In the teaching yesterday we looked at the emoticon image for peace, being a dove with an olive sprig in its beak. In ancient Greek mythology, the dove and the olive branch were attributes of Eirene the goddess of peace. The olive was also associated with Athena who had given the olive tree as a gift to the city of Athens, though in her case the bird holding the branch was an owl. Because of the generosity of this gift, the gods made Athena the patroness of the city and that is how it acquired its name. Just as Athena’s gift brought prosperity to Athens, so Eirene gives birth to Plautos the god of prosperity. Peace should allow us to prosper. The olive is a very ancient symbol of peace, probably going back to pre-grecian times.

When I was a child, I lived in Cyprus. Cyprus is one of only two countries in the world to have olive branches on its national flag (the other is Eritrea). The olive also appears on the countries shield seal.

I remember that there were olive trees all over the island. Like many of the most beautiful places in the world, Cyprus has seen many conflicts and the island is currently divided into the half that is part of the European Union and the half that is occupied by Turkey. In history it has been occupied by a great many political powers - Phoenicia, Greece, Rome, Venice, the Byzantines, the Crusaders, and so on. When I was there there was a struggle going on for independence from Britain.

ANSHIN RETREAT 28 June to 2 July

So Cyprus can be a place of beauty and peace and also one of war and conflict. Even more strongly than its connection with  Eirene, the island is associated with Aphrodite, goddess of love. This seems apt. Love is also associated with both beauty and peace on the one hand and struggle and conflict on the other.

I think that if we are to be truly “impassioned for peace” as it says in the Buddha’s teachings on ‘right speech’ then we have to also be realistic in our appreciation of the importance of war in human history and psychology. People do not go to war out of insanity nor mindlessly. They do so for reasons that seem powerful at the time and war does achieve some things. If we are to have true, deeply established and lasting peace in our communities, it will not be by simply suppressing conflict and ignoring these realities. It will be because we shall have found other less violent ways to achieve what war accomplishes.

One of the most obvious things that a war does is that in many respects it wipes the slate clean and permits a new start. The longer ‘peace’ continues, normally, the more rule-bound, timid and stultified society becomes. It is like the clutter that can accumulate in a house. Every so often one needs a spring clean and a ruthless throwing out session.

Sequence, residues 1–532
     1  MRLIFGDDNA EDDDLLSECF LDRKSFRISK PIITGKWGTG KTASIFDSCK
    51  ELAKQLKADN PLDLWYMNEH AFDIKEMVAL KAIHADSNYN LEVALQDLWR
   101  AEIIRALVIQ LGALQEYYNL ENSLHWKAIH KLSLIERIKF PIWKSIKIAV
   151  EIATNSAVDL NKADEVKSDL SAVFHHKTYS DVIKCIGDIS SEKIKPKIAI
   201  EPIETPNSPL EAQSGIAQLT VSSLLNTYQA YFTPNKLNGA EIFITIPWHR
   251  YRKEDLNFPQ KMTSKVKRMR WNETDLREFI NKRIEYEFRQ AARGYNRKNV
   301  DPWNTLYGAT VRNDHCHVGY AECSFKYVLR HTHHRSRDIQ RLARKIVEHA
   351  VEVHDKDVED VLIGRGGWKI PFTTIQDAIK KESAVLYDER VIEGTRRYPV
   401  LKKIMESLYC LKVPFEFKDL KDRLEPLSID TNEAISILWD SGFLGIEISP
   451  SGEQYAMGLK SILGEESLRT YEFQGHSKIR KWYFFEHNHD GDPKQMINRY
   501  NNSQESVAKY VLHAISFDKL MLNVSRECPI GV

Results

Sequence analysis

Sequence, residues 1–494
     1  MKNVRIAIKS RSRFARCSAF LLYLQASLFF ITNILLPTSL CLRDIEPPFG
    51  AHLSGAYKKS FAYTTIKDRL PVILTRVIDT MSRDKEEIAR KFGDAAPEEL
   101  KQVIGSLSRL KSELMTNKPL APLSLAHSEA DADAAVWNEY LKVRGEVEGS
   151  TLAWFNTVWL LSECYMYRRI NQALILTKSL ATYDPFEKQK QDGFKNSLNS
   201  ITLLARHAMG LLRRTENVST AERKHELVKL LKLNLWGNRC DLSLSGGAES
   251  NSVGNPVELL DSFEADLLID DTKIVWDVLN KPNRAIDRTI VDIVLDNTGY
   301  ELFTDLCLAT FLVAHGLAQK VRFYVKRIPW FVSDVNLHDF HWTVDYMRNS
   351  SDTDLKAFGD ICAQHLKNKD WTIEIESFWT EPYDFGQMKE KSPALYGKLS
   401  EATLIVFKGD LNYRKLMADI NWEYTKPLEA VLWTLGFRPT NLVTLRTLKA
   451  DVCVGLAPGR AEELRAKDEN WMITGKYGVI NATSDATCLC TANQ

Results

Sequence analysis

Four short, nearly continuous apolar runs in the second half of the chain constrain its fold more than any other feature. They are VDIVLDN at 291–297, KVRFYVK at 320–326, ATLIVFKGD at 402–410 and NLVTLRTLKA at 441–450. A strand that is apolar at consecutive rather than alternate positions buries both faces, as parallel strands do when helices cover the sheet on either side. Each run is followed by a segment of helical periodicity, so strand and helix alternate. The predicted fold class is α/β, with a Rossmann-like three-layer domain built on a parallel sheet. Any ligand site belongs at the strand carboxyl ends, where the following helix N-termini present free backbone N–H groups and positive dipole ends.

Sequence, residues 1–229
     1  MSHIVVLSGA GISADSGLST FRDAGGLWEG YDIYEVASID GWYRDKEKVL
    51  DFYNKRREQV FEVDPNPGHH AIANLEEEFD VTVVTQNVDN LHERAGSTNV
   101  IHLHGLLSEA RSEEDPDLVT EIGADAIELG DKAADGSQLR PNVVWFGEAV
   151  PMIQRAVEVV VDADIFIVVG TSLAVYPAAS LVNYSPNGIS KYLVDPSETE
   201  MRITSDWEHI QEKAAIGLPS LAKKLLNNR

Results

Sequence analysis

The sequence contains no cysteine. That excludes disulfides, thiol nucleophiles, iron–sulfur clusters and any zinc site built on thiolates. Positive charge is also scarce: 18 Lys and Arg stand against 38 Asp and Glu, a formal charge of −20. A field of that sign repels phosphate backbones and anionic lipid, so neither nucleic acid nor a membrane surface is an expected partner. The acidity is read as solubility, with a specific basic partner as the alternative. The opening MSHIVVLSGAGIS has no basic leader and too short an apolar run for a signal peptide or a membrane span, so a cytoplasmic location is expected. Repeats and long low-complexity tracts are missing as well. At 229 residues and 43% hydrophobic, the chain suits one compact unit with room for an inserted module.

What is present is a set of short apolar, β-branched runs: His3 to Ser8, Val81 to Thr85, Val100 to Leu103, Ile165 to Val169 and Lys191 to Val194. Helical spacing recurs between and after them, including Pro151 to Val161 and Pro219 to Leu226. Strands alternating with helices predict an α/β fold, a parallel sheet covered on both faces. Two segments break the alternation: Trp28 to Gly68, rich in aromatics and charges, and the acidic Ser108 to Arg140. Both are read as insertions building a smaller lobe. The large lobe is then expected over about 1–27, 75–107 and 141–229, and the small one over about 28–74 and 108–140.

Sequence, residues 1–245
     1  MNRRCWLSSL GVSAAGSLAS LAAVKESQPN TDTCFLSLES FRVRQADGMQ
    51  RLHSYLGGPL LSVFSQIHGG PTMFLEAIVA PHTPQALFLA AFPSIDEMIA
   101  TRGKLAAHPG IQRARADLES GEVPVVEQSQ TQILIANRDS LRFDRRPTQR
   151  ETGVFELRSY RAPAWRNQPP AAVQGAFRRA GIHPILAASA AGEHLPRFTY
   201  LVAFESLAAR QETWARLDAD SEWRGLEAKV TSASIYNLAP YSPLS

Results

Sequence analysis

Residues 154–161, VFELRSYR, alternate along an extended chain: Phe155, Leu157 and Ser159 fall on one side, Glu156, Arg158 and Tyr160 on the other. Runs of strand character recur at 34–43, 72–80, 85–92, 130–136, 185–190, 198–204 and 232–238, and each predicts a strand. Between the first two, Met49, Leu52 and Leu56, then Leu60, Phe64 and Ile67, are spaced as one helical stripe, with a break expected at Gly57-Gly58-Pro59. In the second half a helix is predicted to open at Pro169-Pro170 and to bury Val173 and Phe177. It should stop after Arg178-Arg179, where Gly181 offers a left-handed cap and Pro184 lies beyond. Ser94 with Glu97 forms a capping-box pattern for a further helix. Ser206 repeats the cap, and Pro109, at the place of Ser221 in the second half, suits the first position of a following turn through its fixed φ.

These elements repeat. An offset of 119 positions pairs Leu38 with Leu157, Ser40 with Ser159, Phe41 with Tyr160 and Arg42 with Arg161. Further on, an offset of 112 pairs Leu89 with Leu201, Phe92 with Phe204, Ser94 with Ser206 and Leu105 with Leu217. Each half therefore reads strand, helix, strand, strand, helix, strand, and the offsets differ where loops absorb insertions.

Another thing that war achieves is that it creates an arena for heroism in which people take great risks and stretch themselves to their limit. Long periods of ‘peace’ very commonly lead to a society becoming effete and ‘safe’ in a way that takes away most opportunity for anybody to stretch their spirit to its limit and find out what they are really capable of. History is full of examples of societies that became ’soft’ and were then overrun by ruder barbarians from beyond the frontier whose more primitive society had more vigour.

What can we learn from this? That our peacefulness should not be mere quietism, nor should it be a disqualification of risk and adventure; that we need periodic opportunities to go back to basics and restart our lives from principle, rather than from the messy accumulation of comforts and conventions that have grown up over the years.

The Buddha was stridently opposed to ‘accumulation’ seeing it as a barrier to freedom. The ancient Greeks believed in adventure, struggle and heroism and their societies incorporated conflict and debate.

The spiritual life should be as demanding as warfare. We should be at least as vigorous in our commitment to peace as we are to the cause when war breaks out. Only theu will war become redundant. The trouble is that we tend only to stir ourselves when things have reached a bad state. Were we more alive earlier things would go differently.

Here at La Ville au Roi (Eleusis) we are much concerned with creating peaceful community. This is not just a matter of being peaceful individuals. I like to think that there is here scope for people to be fully alive and vibrant and to interact in ways that deploy their whole being, that we can avoid destructive conflict not by suppressing it, but by cultivating a sense of realism about life and human nature.

I do miss my island home. My memories of being there, for all that I lived through a period of violent insurgency, are sweet ones. The reason for this is that I was surrounded by love. The presence of Aphrodite was real for me then and I was formed by it. The presence of Eirene and Aphrodite and the other goddesses continue to be important realities for me to this day. People may find it difficult to understand the attraction of the pagan gods, but the fact is that they are much closer to us than the totally idealised figures that religion often presents us with.

The memory goes with me and inspires my efforts to make Eleusis a little heaven. I hope you will join me, or make some similar effort in a domain of your own so that when we meet we can share our stories and experiences and make a libation to the gods together.

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